This article relies largely or entirely on a single source. (February 2012)
|Status||Not in use|
|Developed from||Sack AS-5|
The aircraft was designed by Arthur Sack, a farm owner and amateur engineer from Machern, near Leipzig. In his attempts to create a circular-winged aircraft he built five model aircraft, each with little success. He entered his fifth model, with a 1.25 meter diameter wing and 1.5 horsepower engine, in a 1939 competition for remotely controlled models with combustion engines. The models were to take off and land at the same point. None of the entries managed to do so. Sack's model was unable to take off from the ground but flew when released by hand.
At the end of 1940 Sack started design of the AS-6, a full-sized, manned aircraft and successor to the earlier models. Its wing diameter was four times larger than the last model. He built it privately in a shed at his farm, using a wood construction. In 1944 the AS-6 prototype was finished and its design documents provisionally approved. Arthur Sack enlisted the help of the chief test pilot of ATG, a Leipzig firm that assembled Junkers bomber aircraft, to test the aircraft. Approximately a dozen tests revealed multiple failings, especially in the undercarriage, and managed little more than a hop off the ground. The tests continued at an airbase in Brandis by a pilot in a Messerschmidt Me 163 unit based there. As the AS-6 did not appear on an inventory of seized items when US forces captured the airbase it is assumed that the plane was destroyed to prevent capture.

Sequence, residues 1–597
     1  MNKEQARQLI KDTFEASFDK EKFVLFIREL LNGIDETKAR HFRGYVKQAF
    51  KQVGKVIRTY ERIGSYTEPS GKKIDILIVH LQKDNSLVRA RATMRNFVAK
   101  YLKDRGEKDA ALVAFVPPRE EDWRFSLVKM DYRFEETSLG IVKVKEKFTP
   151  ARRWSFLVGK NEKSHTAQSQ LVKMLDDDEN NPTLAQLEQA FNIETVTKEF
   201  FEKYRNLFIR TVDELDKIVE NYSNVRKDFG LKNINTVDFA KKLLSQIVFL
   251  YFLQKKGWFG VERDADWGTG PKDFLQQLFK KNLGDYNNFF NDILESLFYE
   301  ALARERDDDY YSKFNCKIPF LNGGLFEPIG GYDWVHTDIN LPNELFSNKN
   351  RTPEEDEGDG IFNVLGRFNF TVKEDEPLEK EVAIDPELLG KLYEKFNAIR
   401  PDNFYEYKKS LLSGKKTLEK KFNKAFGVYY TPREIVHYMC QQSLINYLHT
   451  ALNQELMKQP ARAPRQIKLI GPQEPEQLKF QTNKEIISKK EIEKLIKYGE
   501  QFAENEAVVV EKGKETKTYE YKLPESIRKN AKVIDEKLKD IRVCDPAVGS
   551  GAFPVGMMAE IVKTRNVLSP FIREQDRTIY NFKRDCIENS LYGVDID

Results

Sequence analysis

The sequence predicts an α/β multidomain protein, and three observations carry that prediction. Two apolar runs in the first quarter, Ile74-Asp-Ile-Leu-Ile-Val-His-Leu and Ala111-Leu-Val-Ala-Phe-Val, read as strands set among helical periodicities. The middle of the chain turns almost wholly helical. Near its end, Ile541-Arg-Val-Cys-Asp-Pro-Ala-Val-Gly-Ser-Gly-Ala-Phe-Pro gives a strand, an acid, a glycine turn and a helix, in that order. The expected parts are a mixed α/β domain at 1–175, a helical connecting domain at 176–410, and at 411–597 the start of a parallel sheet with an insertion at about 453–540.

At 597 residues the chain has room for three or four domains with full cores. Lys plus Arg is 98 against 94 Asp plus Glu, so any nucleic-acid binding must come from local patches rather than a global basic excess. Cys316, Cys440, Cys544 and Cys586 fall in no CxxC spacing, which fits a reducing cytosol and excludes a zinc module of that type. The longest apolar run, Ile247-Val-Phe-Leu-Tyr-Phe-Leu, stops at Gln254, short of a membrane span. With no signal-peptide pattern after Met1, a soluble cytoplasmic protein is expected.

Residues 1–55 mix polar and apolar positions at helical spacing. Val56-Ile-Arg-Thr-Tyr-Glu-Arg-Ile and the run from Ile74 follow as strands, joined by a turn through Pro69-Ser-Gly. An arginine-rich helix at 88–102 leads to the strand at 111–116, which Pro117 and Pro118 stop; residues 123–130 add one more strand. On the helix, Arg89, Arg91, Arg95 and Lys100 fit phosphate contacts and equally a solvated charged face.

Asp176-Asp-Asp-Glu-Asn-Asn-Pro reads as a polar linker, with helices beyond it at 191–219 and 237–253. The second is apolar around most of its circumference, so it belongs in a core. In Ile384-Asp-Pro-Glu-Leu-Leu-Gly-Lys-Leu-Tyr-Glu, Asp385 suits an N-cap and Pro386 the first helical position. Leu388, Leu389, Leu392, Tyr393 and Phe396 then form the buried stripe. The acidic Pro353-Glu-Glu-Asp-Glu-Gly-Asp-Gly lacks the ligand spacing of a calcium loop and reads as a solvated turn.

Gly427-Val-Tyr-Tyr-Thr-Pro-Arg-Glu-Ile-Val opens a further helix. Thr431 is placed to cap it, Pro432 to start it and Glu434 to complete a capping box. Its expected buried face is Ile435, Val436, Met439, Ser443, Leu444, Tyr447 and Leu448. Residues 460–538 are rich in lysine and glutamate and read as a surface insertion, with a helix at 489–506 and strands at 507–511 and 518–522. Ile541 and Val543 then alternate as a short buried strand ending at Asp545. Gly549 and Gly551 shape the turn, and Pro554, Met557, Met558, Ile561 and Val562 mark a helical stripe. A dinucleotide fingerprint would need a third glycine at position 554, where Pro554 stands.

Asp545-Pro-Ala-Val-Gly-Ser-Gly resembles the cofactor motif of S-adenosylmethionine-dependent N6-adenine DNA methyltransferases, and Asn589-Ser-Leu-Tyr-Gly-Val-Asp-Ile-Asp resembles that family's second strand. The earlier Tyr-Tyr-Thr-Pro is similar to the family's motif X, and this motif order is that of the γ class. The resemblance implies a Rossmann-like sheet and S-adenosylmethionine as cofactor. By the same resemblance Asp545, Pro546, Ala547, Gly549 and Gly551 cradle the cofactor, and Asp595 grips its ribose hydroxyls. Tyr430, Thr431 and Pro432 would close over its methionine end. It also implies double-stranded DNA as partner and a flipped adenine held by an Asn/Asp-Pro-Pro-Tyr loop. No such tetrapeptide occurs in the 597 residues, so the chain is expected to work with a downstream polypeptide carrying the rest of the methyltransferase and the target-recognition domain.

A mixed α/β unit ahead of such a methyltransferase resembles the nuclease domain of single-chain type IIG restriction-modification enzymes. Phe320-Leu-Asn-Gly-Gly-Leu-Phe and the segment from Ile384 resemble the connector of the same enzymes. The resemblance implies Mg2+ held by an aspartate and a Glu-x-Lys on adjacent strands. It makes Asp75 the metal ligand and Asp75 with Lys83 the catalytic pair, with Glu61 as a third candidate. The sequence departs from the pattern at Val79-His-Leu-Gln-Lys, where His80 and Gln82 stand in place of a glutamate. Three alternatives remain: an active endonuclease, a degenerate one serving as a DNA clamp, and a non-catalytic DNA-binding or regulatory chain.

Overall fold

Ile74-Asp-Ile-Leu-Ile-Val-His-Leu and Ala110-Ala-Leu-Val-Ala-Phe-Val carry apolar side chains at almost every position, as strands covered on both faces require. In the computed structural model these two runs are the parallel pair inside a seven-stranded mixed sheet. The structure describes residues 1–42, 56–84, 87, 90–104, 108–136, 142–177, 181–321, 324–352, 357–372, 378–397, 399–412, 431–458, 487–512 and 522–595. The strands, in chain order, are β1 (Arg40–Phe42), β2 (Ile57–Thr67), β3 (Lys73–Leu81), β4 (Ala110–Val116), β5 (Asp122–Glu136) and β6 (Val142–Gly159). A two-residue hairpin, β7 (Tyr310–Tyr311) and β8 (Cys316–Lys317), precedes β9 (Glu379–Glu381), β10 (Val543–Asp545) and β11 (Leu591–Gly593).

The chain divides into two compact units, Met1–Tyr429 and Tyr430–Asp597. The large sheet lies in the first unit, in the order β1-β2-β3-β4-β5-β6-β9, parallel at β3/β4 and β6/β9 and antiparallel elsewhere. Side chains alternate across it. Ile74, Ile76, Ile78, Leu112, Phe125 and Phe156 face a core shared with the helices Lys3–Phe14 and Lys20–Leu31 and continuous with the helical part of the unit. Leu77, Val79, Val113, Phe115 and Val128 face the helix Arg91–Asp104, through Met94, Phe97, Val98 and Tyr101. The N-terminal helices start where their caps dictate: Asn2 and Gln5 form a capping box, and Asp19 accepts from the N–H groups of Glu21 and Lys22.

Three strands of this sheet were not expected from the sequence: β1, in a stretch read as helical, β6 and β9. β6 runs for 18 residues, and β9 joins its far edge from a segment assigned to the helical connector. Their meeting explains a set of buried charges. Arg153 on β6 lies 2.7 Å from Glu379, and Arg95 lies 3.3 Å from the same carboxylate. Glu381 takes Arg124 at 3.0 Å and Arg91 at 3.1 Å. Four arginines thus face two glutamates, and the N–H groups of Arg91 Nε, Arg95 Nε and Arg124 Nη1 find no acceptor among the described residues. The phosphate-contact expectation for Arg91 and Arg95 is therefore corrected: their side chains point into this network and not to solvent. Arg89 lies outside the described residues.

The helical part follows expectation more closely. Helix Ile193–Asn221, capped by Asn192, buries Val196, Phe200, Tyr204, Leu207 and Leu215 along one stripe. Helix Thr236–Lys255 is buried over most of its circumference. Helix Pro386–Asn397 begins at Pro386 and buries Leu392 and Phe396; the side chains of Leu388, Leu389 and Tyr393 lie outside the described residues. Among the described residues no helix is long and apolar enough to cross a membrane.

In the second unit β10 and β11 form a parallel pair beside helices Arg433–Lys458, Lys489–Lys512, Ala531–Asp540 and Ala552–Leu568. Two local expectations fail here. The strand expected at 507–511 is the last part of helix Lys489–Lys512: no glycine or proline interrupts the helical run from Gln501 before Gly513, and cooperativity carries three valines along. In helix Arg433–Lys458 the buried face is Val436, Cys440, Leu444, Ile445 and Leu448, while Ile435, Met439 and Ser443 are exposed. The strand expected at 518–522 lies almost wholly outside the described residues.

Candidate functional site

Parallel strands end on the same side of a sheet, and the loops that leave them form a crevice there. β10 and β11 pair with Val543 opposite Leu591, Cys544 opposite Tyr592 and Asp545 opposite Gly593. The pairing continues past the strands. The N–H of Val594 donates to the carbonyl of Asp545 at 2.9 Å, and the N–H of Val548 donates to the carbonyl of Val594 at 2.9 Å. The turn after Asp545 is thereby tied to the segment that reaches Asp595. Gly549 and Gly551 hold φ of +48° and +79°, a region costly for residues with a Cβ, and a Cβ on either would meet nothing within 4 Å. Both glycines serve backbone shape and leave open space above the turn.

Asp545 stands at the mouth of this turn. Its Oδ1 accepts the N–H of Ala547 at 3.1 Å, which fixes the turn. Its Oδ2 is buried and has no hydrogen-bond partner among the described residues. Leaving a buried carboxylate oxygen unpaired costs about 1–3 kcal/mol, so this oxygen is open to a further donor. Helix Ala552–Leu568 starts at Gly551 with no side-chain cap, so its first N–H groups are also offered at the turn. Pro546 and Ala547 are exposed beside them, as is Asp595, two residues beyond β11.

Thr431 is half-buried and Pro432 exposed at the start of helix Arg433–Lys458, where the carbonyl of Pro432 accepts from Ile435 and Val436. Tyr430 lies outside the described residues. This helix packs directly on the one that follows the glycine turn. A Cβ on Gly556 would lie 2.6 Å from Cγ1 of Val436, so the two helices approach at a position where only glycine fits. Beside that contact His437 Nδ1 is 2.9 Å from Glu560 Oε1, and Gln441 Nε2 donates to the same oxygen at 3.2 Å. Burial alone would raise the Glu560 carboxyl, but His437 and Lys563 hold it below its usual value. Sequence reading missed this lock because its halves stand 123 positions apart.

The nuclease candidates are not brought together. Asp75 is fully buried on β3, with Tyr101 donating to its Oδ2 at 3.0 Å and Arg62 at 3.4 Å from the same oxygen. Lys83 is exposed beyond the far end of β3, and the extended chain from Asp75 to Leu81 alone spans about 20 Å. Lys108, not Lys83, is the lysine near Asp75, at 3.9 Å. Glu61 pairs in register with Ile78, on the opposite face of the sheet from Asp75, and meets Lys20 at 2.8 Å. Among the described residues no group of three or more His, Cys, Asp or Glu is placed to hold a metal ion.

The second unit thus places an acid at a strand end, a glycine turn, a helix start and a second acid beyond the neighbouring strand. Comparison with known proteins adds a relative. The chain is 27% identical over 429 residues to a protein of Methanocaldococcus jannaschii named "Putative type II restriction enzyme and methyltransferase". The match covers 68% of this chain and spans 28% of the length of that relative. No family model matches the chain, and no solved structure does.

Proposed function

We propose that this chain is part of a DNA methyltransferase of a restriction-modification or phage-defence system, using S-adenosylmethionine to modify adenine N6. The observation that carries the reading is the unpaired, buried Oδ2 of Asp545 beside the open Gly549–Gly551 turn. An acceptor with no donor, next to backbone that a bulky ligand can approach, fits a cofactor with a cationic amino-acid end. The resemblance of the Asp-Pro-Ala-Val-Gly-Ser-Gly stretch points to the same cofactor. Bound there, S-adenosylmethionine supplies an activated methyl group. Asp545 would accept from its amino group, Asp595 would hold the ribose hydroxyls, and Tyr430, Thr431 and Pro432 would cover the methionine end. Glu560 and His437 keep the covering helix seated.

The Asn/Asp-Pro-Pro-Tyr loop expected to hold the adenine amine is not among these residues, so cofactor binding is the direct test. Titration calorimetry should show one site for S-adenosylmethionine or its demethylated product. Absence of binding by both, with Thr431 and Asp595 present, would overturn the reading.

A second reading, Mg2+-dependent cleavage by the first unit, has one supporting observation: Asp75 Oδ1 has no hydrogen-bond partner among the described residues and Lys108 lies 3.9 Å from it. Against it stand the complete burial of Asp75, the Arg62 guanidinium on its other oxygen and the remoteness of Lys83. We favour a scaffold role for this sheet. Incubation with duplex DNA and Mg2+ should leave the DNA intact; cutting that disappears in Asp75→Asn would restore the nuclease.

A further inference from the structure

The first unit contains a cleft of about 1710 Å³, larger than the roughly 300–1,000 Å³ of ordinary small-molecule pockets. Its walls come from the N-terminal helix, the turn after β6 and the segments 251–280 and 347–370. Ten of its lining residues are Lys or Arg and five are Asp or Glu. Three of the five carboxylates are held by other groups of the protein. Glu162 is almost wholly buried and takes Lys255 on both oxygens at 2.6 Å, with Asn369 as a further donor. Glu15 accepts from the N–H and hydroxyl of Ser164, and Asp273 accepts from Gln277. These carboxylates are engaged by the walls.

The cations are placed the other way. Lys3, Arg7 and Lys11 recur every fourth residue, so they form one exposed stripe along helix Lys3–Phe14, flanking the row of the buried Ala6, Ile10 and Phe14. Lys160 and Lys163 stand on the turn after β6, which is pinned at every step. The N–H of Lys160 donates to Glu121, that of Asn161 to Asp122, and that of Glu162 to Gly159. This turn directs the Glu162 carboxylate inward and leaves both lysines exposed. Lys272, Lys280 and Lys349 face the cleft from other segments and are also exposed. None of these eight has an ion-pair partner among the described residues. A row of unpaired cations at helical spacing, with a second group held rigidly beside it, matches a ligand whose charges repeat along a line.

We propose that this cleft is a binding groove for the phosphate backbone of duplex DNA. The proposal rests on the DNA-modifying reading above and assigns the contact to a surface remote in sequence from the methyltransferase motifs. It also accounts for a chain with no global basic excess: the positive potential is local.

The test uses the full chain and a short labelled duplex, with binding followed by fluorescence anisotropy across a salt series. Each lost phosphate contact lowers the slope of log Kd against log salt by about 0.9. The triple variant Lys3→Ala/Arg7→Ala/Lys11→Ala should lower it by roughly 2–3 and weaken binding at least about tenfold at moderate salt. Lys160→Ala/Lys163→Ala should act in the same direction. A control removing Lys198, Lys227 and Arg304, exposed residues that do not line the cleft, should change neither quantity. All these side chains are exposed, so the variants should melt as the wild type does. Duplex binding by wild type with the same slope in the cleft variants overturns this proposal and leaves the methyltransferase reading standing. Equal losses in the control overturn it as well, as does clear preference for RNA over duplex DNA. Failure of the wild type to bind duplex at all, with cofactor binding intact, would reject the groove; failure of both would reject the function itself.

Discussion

Data from http://www.luft46.com/misc/sackas6.html
- Crew: 1
- Length: 6.40 m (21 ft 0 in)
- Wingspan: 5.00 m (16 ft 5 in)
- Height: 2.65 m (8 ft 8 in)
- Wing area: 19.62 m2 (211.2 sq ft)
- Max takeoff weight: 900 kg (1,984 lb)
- Powerplant: 1 × Argus As 10C-3 Inverted V8 engine, 180 kW (240 hp)
- Propellers: 2-bladed
- Wing loading: 45.87 kg/m2 (9.39 lb/sq ft)
- Kroos, Volker (1998). "Kreisflügler Sack AS 6/V1 – der „fliegende Bierdeckel"" (pdf). ADL (in German). Arbeitsgemeinschaft Deutsche Luftfahrthistorik. Retrieved 3 April 2017.
- "Sack AS-6". Luft '46. Dan Johnson. Retrieved 3 April 2017.
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